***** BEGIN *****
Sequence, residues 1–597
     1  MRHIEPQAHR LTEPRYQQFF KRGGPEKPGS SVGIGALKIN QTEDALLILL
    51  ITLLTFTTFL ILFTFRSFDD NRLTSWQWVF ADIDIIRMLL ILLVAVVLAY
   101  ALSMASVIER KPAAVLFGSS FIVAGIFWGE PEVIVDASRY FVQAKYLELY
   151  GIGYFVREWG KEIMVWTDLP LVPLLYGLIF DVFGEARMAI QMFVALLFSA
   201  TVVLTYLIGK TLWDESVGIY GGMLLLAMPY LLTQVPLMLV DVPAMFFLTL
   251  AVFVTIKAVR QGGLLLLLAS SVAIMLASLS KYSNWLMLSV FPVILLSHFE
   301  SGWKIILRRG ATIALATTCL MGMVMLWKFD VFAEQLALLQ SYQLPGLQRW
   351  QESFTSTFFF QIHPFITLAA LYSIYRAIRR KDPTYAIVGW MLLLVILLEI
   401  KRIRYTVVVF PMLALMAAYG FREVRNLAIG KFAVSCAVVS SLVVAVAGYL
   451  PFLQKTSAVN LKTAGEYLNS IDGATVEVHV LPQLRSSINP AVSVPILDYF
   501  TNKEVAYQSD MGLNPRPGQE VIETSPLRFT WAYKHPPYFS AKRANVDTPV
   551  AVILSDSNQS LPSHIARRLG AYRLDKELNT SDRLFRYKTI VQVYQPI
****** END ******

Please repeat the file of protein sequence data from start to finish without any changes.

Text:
Sequence, residues 1–597
     1  MRHIEPQAHR LTEPRYQQFF KRGGPEKPGS SVGIGALKIN QTEDALLILL
    51  ITLLTFTTFL ILFTFRSFDD NRLTSWQWVF ADIDIIRMLL ILLVAVVLAY
   101  ALSMASVIER KPAAVLFGSS FIVAGIFWGE PEVIVDASRY FVQAKYLELY
   151  GIGYFVREWG KEIMVWTDLP LVPLLYGLIF DVFGEARMAI QMFVALLFSA
   201  TVVLTYLIGK TLWDESVGIY GGMLLLAMPY LLTQVPLMLV DVPAMFFLTL
   251  AVFVTIKAVR QGGLLLLLAS SVAIMLASLS KYSNWLMLSV FPVILLSHFE
   301  SGWKIILRRG ATIALATTCL MGMVMLWKFD VFAEQLALLQ SYQLPGLQRW
   351  QESFTSTFFF QIHPFITLAA LYSIYRAIRR KDPTYAIVGW MLLLVILLEI
   401  KRIRYTVVVF PMLALMAAYG FREVRNLAIG KFAVSCAVVS SLVVAVAGYL
   451  PFLQKTSAVN LKTAGEYLNS IDGATVEVHV LPQLRSSINP AVSVPILDYF
   501  TNKEVAYQSD MGLNPRPGQE VIETSPLRFT WAYKHPPYFS AKRANVDTPV
   551  AVILSDSNQS LPSHIARRLG AYRLDKELNT SDRLFRYKTI VQVYQPI